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JFK Inauguration Speech
January 20, 1961

Inaugural Address of the President (Kennedy), January 20, 1961*


We observe today not a victory of party but a celebration of
freedom--symbolizing an end as well as a beginning--signifying
renewal as well as change. For I have sworn before you and 
Almighty God the same solemn oath our forebears prescribed 
nearly a century and three quarters ago.

The world is very different now. For man holds in his mortal 
hands the power to abolish all forms of human poverty and all 
forms of human life. And yet the same revolutionary beliefs for 
which our forebears fought are still at issue around the globe
--the belief that the rights of man come not from the 
generosity of the state but from the hand of God.

We dare not forget today that we are the heirs of that first 
revolution. Let the word go forth from this time and place, to 
friend and foe alike, that the torch has been passed to a new
generation of Americans--born in this century, tempered by war,
disciplined by a hard and bitter peace, proud of our ancient 
heritage--and unwilling to witness or permit the slow undoing
of those human rights to which this Nation has always been
committed, and to which we are committed today at home and 
around the world.

Let every nation know, whether it wishes us we]l or ill, that 
we shall pay any price, bear any burden, meet any hardship, 
support any friend, oppose any foe to assure the survival and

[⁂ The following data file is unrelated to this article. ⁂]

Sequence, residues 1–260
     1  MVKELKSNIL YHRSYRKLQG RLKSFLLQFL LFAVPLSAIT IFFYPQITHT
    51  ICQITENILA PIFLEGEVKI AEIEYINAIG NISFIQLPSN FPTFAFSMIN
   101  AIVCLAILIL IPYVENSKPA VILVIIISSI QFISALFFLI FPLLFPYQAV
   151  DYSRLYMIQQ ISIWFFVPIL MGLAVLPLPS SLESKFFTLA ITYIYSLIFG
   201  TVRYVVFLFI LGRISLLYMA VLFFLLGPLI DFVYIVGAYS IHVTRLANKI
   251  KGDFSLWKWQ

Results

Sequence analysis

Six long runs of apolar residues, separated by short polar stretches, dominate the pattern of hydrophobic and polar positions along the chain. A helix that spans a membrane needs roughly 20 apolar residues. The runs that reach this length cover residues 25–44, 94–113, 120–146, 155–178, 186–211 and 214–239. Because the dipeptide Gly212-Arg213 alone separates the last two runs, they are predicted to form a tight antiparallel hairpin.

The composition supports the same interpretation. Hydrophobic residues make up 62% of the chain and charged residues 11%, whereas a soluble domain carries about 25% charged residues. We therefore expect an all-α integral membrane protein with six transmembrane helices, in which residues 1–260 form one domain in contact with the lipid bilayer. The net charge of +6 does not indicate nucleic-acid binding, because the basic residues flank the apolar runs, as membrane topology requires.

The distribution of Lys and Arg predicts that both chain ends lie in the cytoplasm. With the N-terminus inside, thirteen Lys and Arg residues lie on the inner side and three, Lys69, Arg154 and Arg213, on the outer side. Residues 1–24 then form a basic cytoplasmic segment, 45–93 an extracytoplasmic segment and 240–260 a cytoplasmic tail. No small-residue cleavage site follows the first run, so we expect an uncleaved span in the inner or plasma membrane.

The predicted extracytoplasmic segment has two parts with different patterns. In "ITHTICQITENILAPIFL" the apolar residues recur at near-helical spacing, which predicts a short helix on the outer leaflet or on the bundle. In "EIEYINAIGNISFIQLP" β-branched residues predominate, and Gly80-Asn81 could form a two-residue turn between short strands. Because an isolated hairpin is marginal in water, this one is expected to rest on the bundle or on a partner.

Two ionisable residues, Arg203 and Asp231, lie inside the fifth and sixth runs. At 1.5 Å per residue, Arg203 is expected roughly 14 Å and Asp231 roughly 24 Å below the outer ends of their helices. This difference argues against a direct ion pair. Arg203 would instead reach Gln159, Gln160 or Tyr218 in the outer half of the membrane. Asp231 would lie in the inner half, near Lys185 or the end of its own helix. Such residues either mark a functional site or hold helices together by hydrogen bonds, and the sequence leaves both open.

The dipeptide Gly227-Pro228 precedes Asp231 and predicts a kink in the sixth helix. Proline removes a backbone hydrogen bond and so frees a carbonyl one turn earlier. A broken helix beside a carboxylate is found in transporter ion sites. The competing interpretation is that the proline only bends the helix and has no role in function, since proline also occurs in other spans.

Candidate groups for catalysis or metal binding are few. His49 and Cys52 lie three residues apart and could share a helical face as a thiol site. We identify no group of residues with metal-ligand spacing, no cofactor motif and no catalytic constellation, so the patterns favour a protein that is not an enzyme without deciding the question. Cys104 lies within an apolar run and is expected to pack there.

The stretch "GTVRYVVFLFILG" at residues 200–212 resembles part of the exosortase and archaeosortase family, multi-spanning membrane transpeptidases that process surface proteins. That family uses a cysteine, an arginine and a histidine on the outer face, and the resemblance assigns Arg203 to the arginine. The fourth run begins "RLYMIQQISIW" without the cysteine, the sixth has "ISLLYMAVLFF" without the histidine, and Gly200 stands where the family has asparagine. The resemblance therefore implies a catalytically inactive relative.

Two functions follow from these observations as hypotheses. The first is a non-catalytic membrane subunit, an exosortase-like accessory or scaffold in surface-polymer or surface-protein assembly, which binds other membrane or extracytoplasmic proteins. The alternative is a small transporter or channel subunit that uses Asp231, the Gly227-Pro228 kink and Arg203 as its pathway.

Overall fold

the success of liberty.

This much we pledge--and more.

To those old allies whose cultural and spiritual origins we 
share, we pledge the loyalty of faithful friends. United, there
is little we cannot do in a host of cooperative ventures. 
Divided, there is little we can do--for we dare not meet a 
powerful challenge at odds and split asunder.

To those new states whom we welcome to the ranks of the free, 
we pledge our word that one form of colonial control shall not
have passed away merely to be replaced by a far more iron 
tyranny. We shall not always expect to find them supporting our
view. But we shall always hope to find them strongly supporting
their own freedom--and to remember that, in the past, those who
foolishly sought power by riding the back of the tiger ended up 

To those people in the huts and villages of half the globe 
struggling to break the bonds of mass misery, we pledge our best
efforts to help them help themselves, for whatever period is 
required--not because the Communists may be doing it, not because
we seek their votes, but because it is right. If a free society 
cannot help the many who are poor, it cannot save the few who 
are rich.

To our sister republics south of our border, we offer a special 
pledge--to convert our good words into good deeds--in a new 
alliance for progress--to assist free men and free governments
in casting off the chains of poverty. But this peaceful 
revolution of hope cannot become the prey of hostile powers. Let
all our neighbors know that we shall join with them to oppose
aggression or subversion anywhere in the Americas. And let every 
other power know that this hemisphere intends to remain the 
master of its own house.

To that world assembly of sovereign states, the United Nations, 
our last best hope in an age where the instruments of war have 
far outpaced the instruments of peace, we renew our pledge of 
support--to prevent it from becoming merely a forum for 
invective--to strengthen its shield of the new and the weak--
and to enlarge the area in which its writ may run.

Finally, to those nations who would make themselves our 
adversary, we offer not a pledge but a request: that both sides
begin anew the quest for peace, before the dark powers of 
destruction unleashed by science engulf all humanity in planned
or accidental self-destruction.

We dare not tempt them with weakness. For only when our arms 
are sufficient beyond doubt can we be certain beyond doubt that 
they will never be employed.